Michael Georg Conrad was one of the intermediaries who was most favorable toward Zola in Germany. He had regularly visited the writer during his stay in Paris from 1878 to 1882[33] and as early as 1880 called him the “grand master of naturalism.” Inspired by the French example, in 1885 he founded the review Die Gesellschaft (Society), which called itself a “realist weekly” and which was to play in Munich a role similar to that played by the Hart brothers’ group in Berlin. Having made Nietzsche’s acquaintance in 1876, Conrad argued for a resolutely realist vision of the world, basing his argument on an ethical concept of truth, as well as for an enlightened national culture that was to be the work of a spiritual aristocracy personified by figures such as Bismarck, Wagner, and Nietzsche.[34] In his book Parisiana, published in 1880, he had associated Zola with the same spiritual family when comparing the writer to Bismarck, whose brusque methods and herculean strength he shared. His father having served under the Austrians, Zola apparently resembled Bismarck, Hutten, and Luther much more than any representative of an overrefined French society. Where Zola’s enemies had denounced in him a taste for the obscene, which was seen as specifically French, Conrad found in him a strength and virility fit to serve as a model for a new movement in German literature.[35] What is striking is the national trend of German naturalism. Karl Bleibtreu had implied a similar type of recuperation of Zola by speaking in 1885 purely and simply of the novelist’s German origins, which were revealed, for example, by his sympathy for animals - a specifically German trait!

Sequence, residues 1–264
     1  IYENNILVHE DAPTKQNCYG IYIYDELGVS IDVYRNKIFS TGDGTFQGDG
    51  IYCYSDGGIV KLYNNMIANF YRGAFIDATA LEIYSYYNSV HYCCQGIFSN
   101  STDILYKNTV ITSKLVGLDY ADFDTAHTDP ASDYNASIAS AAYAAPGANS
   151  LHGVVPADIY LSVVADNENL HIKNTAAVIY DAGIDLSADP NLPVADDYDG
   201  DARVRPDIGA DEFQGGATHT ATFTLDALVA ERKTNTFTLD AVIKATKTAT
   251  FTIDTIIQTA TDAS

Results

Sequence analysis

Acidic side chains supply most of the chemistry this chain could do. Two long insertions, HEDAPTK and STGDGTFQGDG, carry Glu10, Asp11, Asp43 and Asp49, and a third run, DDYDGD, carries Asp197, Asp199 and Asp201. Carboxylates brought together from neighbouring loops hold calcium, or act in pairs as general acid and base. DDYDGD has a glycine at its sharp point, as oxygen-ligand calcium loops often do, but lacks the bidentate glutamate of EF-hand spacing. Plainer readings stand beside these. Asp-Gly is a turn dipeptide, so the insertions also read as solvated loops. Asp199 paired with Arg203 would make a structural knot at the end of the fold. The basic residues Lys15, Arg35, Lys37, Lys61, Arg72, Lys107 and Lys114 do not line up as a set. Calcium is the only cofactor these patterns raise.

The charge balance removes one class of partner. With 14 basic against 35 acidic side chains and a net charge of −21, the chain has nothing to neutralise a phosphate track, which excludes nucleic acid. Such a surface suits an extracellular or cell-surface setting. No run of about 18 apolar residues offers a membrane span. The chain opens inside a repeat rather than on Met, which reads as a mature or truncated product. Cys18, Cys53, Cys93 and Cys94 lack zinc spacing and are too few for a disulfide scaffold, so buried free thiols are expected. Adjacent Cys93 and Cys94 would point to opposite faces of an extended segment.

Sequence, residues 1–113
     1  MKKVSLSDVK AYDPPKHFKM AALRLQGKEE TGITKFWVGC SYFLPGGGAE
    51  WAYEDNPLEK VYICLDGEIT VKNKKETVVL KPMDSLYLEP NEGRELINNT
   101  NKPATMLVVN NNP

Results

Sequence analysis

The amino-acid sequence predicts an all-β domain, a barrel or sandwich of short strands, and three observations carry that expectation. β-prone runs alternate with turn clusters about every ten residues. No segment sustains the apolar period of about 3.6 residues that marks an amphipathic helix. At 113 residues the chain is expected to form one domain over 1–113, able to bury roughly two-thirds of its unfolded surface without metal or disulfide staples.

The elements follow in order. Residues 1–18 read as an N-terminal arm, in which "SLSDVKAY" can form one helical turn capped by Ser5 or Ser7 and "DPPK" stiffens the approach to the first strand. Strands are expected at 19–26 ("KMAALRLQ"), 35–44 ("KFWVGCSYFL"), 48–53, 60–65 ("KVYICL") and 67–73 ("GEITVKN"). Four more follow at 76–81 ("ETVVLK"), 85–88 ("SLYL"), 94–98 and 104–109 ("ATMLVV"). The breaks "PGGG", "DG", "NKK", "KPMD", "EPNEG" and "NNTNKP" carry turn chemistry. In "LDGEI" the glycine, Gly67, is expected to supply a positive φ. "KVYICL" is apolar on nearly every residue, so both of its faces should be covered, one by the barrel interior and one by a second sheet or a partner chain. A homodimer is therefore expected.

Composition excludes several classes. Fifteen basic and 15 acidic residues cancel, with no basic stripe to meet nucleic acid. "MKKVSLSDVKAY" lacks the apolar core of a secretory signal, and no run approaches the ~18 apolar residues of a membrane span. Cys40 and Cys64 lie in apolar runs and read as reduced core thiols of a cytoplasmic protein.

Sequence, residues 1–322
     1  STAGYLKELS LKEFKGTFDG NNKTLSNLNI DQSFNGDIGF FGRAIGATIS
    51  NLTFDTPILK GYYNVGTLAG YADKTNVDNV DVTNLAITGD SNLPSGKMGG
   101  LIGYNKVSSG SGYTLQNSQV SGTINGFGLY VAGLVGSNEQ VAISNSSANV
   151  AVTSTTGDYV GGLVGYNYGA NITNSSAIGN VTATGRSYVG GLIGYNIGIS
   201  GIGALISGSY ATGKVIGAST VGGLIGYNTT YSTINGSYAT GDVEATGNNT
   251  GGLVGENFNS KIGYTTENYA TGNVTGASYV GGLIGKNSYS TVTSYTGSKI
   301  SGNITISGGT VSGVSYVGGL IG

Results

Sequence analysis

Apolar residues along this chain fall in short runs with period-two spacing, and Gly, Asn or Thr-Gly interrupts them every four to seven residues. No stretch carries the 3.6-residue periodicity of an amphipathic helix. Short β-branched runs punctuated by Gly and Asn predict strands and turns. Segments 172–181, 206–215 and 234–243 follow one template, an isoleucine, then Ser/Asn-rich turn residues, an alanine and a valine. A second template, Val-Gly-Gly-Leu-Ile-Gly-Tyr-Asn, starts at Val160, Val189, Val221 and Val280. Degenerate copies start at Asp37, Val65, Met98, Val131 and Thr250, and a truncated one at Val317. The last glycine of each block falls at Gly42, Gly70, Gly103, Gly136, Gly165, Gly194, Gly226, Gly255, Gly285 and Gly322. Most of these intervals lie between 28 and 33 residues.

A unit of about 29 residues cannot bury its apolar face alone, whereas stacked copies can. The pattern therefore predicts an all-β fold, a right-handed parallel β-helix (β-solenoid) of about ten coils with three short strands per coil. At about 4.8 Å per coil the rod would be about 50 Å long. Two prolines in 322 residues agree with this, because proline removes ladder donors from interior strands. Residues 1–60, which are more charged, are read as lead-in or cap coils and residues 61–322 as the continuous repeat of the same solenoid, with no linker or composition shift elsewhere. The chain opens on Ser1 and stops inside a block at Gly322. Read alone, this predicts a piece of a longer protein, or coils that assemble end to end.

In the new review directed by Conrad, Die Gesellschaft, Zola appeared from its very first year as a model. In 1885 three stories by Zola, an essay, a chapter of Germinal, and eight studies on Zola were published in it, including a study by Conrad entitled “Zola and Daudet.”[36] According to Conrad, Zola’s work, founded on observation, was in keeping with the scientific spirit of the time. It served the supreme value, truth, which was inconceivable outside the realm of science. This in no way excluded artistic work and a concern for the harmony of the whole and of its parts, and it would be mistaken to charge Zola with being only a photographer of reality.